Royal Hospital Haslar, Gosport

“The Royal Hospital Haslar in Gosport, Hampshire, was one of several hospitals serving the Portsmouth Urban Area, but had previously been the country’s foremost – and ultimately last – military hospital.

The Admiralty acquired the site selected for the hospital, Haslar Farm, whose name came from Anglo-Saxon Hæsel-ōra (English: Hazel Bank), in 1745. The building was designed by Theodore Jacobsen and construction of the main building was completed in on 23 October 1753. On completion it was the largest brick building in Europe. Building works cost more than £100,000, nearly double the cost of the Admiralty headquarters in London. In its early years it was known as the Royal Hospital Haslar. Patients usually arrived by boat (it was not until 1795 that a bridge was built over Haslar Creek, providing a direct link to Gosport). Built on a peninsula, the guard towers, high brick walls, bars and railings throughout the site were all designed to stop patients, many of whom had been press ganged, from going absent without leave. Dr James Lind (1716–1794), a leading physician at Haslar from 1758 till 1785, played a major part in discovering a cure for scurvy, not least through his pioneering use of a double blind methodology with Vitamin C supplements (limes). The hospital included an asylum for sailors with psychiatric disorders, and an early superintending psychiatrist was the phrenologist, Dr James Scott (1785–1859), a member of the influential Edinburgh Phrenological Society. The hospital treated casualties between 1803 and 1815 during the Napoleonic Wars. The hospital established the country’s first blood bank, treated casualties from the Normandy landings and deployed clinicians to field hospitals in Europe and in the Far East during the Second World War. It was renamed the Royal Naval Hospital Haslar to reflect its naval traditions in 1954. The hospital’s remit became tri-service in 1996 when it reverted to being called the Royal Hospital Haslar. A hyperbaric medicine unit was established at the hospital at that time.[5] To mark the handover of control to the National Health Service in 2007, the military medical staff “marched out” of the hospital in 2007, exercising the unit’s rights of the freedom of Gosport.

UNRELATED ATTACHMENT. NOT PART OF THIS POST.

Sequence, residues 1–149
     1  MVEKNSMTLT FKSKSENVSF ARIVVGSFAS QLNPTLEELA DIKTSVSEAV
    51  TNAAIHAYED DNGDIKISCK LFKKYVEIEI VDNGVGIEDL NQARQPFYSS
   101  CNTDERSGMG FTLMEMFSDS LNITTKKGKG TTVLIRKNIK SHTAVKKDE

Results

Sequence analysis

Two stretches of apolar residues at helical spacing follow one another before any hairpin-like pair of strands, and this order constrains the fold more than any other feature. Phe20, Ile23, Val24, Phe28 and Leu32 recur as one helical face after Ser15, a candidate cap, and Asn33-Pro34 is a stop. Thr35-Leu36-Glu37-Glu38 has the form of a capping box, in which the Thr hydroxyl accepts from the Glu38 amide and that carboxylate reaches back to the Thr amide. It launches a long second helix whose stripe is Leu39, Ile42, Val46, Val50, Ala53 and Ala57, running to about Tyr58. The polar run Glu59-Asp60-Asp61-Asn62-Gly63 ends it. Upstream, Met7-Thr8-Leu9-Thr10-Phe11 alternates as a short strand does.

All remaining medical facilities at the site were closed in 2009. After services were transferred to the Ministry of Defence Hospital Unit at Queen Alexandra Hospital in Cosham, Portsmouth, the hospital closed in 2009. The 25-hectare hospital site was sold to developers for £3 million later that year. On 17 May 2010 an investigation of the hospital’s burial ground, by archaeologists from Cranfield Forensic Institute, was featured on Channel 4’s television programme Time Team. It established that a large number of individuals (calculated as approximately 7,785) had been buried in unmarked graves. Plans were released in 2014 for a £152 million redevelopment scheme involving housing, commercial space, a retirement home and a hotel. The hospital itself is a Grade II listed building.”


Explored: October 2019

Visited this site a number of times however this was the first time I’ve experienced the main hospital building. For further photos, please see my g block psychiatric ward post:



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